He may not be a household name, but Roy Cohn may well be one of the chief corrupting influences of American leadership since the 1950s. A brash, conniving, tactless but brilliant (in his way) lawyer, he is even described early in Matt Tyrnauer‘s documentary Where’s My Roy Cohn? as ‘pure evil’. To subject yourself to a 97-minute catalogue of Cohn’s dubious achievements and personal contradictions may seem a tad masochistic. But horror and fascination often go hand in hand, and Roy Cohn, for all his faults, is a fascinating character.
For Tyrnauer’s purposes, Cohn’s public life divides neatly into three parts. The first two of those sit either side of the 1954 senate army hearings into allegations relating to abuse of powers. Cohn had tried to wrangle a plush Pentagon post for a close friend, David Schine, to avoid him being sent to the front line, and was being grilled for it. By that time Cohn was a sharp and ambitious legal aide to Senator Joseph McCarthy. Despite only being in his mid-20s he had made a name for himself in Washington for successfully prosecuting a death penalty for Julius and Ethel Rosenberg on charges of spying for Russia and also helping McCarthy to hunt down and expel homosexuals and communists from government employment.
Original footage from the army hearings is particularly compelling as Cohn is forced to squirm before a cringeworthy barrage of homophobic derision as his ‘warm’ relationship with Schine is laid bare. He would deny his own homosexuality forever after, even in his dying days, but in that moment of humiliation his promising career took a turn. Far from a shrinking violet, he would utilise that anger to become one of the most notorious legal and political forces in America.
Much psychoanalysis is employed in tracing the origins of this man’s apathetic yet magnetic personality, and the list of interviewees willing to deal out the goss is both impressive and telling. Legal associates, gossip columnists and even cousins are all eager to recount stories damning, amusing and intimate about everything from Reagan to face lifts to his loyalty to the Mafia. Popularity was never high on his mind. In fact Cohn stated as much: “The worse the adjectives, the better it is for business.” Forever pulling levers and introducing people and cultivating power, Cohn’s life was concerned only with his belief that he was winning.
In the end, while he had always kept star-studded company, Cohn was ultimately left with few friends. He had powerful friends at various times – the Mafia, Reagan, Trump, Rupert Murdoch – but many were quick to desert him when his currency had waned. His reputation was built on fear and influence, and when he was disbarred no-one would go to his Thanksgiving party. That he would ultimately die of AIDS, denying that diagnosis until his death, only leaves a note of confusion at how a man could live a life so contradictory to his reality.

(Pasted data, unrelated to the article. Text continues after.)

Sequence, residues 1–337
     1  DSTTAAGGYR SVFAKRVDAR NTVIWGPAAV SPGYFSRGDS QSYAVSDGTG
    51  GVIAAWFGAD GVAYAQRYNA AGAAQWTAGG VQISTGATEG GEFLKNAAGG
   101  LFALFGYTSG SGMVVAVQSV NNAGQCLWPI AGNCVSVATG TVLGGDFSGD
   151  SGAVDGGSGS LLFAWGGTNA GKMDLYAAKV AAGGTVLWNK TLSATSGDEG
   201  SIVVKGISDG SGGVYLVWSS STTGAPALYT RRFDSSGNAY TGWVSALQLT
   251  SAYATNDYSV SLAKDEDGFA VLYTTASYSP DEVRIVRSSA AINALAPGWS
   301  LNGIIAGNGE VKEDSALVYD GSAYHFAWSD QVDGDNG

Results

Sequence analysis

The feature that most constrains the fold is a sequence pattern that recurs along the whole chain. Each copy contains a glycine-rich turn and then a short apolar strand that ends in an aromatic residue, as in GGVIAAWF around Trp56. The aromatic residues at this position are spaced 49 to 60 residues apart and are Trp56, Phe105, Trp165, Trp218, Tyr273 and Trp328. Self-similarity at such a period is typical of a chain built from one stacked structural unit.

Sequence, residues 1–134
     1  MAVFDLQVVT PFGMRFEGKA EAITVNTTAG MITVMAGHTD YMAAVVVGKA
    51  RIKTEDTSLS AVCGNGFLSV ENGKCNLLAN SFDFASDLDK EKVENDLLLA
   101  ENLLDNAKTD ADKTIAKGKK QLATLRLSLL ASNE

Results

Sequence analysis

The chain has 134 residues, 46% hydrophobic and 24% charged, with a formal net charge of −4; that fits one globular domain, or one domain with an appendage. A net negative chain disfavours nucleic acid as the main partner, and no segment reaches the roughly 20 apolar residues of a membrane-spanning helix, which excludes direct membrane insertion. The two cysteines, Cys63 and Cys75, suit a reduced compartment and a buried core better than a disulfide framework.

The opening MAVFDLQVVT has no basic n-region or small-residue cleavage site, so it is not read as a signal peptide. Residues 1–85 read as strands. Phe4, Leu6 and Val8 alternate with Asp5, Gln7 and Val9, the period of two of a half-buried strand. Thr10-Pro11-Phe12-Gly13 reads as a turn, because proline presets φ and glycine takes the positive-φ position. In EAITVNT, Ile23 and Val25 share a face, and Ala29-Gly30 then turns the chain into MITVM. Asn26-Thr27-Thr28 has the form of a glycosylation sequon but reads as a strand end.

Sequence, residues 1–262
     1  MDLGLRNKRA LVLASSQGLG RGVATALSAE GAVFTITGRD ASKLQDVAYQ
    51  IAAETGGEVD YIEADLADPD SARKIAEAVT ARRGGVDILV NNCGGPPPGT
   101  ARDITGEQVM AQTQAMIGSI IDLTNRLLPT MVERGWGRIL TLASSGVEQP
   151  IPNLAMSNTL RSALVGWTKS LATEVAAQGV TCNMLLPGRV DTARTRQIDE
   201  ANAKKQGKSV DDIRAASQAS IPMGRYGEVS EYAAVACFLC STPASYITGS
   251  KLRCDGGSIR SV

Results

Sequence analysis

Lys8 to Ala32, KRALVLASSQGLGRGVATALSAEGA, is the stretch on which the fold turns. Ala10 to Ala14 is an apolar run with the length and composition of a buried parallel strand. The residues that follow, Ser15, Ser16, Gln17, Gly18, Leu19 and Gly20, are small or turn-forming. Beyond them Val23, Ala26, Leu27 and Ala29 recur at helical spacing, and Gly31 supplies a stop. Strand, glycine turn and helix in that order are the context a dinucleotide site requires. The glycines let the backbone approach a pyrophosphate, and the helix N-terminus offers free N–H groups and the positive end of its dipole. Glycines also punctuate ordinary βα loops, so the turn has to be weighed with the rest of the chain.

Tyrnauer makes a good effort in trying to find what was responsible for the creation of someone like Roy. Some interviewees point to a doting mother, whose attempt to make her son more beautiful left him with a permanently scarred nose. Some point to his father, who regularly dined with the presidential class, fostering a too-early taste for power. That he was “an evil produced by certain parts of the American culture” is the last and most resonant assessment, however, considering how long his conduct was tolerated and indeed encouraged. As an ‘ugly’ and ‘charismatic’ man, naturally he thrived in an elite environment that rewarded charisma over truth.
This feeds into the third part of Tyrnauer’s profile of Cohn, which is his mentoring of a young Donald Trump. It is said of Cohn that “Power in the hands of someone that arrogant and that reckless is a very dangerous thing”. It is a statement that could easily be said of Trump as well, and Where’s My Roy Cohn? is happy to let that parallel fester. Cohn thrived on attacking the vulnerability of others, viewing the law not through the prism of justice but of winners and losers, where discrediting your opponent is the first step to success. With that mantra Cohn might also neatly fit into a discussion of a number of other high-profile power-brokers who have been grounded in recent years for abuses of power, but the focus on Cohn and Trump’s closeness in the early days of Trump’s empire is pointed.
This approach of telling one man’s story to condemn another may not be to everybody’s liking. Certainly 97 minutes doesn’t seem enough time to weigh up the cost of Cohn’s influence on the current political discourse and rules of engagement. But that said, Cohn’s inspiration for Donald Trump’s talents and tactics to this day is plain to see and Tyrnauer’s point is well made: to understand that Cohn was an idol to Trump is to understand that Cohn’s seemingly bottomless amorality lives on in current White House practice. And that is a scary thought.